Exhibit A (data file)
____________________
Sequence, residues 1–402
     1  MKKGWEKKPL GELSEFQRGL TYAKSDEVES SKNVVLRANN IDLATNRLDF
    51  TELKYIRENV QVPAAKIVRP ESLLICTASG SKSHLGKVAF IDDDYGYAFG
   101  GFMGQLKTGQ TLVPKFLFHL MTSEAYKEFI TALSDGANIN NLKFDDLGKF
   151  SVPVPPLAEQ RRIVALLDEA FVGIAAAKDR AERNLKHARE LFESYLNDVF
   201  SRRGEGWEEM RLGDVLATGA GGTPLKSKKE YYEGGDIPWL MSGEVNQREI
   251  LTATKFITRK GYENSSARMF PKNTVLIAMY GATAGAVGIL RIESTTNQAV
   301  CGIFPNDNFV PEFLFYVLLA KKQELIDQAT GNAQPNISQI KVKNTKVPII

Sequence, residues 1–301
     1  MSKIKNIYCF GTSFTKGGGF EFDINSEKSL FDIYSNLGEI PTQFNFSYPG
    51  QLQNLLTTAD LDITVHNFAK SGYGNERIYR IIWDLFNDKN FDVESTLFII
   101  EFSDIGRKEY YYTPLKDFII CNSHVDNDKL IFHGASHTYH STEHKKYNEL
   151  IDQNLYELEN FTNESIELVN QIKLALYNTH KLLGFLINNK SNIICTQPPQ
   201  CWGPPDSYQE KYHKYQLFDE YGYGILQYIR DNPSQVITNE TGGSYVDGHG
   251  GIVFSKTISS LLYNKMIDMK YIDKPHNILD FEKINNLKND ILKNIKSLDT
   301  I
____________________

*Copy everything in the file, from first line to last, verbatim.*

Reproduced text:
Sequence, residues 1–402
     1  MKKGWEKKPL GELSEFQRGL TYAKSDEVES SKNVVLRANN IDLATNRLDF
    51  TELKYIRENV QVPAAKIVRP ESLLICTASG SKSHLGKVAF IDDDYGYAFG
   101  GFMGQLKTGQ TLVPKFLFHL MTSEAYKEFI TALSDGANIN NLKFDDLGKF
   151  SVPVPPLAEQ RRIVALLDEA FVGIAAAKDR AERNLKHARE LFESYLNDVF
   201  SRRGEGWEEM RLGDVLATGA GGTPLKSKKE YYEGGDIPWL MSGEVNQREI
   251  LTATKFITRK GYENSSARMF PKNTVLIAMY GATAGAVGIL RIESTTNQAV
   301  CGIFPNDNFV PEFLFYVLLA KKQELIDQAT GNAQPNISQI KVKNTKVPII

Sequence, residues 1–301
     1  MSKIKNIYCF GTSFTKGGGF EFDINSEKSL FDIYSNLGEI PTQFNFSYPG
    51  QLQNLLTTAD LDITVHNFAK SGYGNERIYR IIWDLFNDKN FDVESTLFII
   101  EFSDIGRKEY YYTPLKDFII CNSHVDNDKL IFHGASHTYH STEHKKYNEL
   151  IDQNLYELEN FTNESIELVN QIKLALYNTH KLLGFLINNK SNIICTQPPQ
   201  CWGPPDSYQE KYHKYQLFDE YGYGILQYIR DNPSQVITNE TGGSYVDGHG
   251  GIVFSKTISS LLYNKMIDMK YIDKPHNILD FEKINNLKND ILKNIKSLDT
   301  I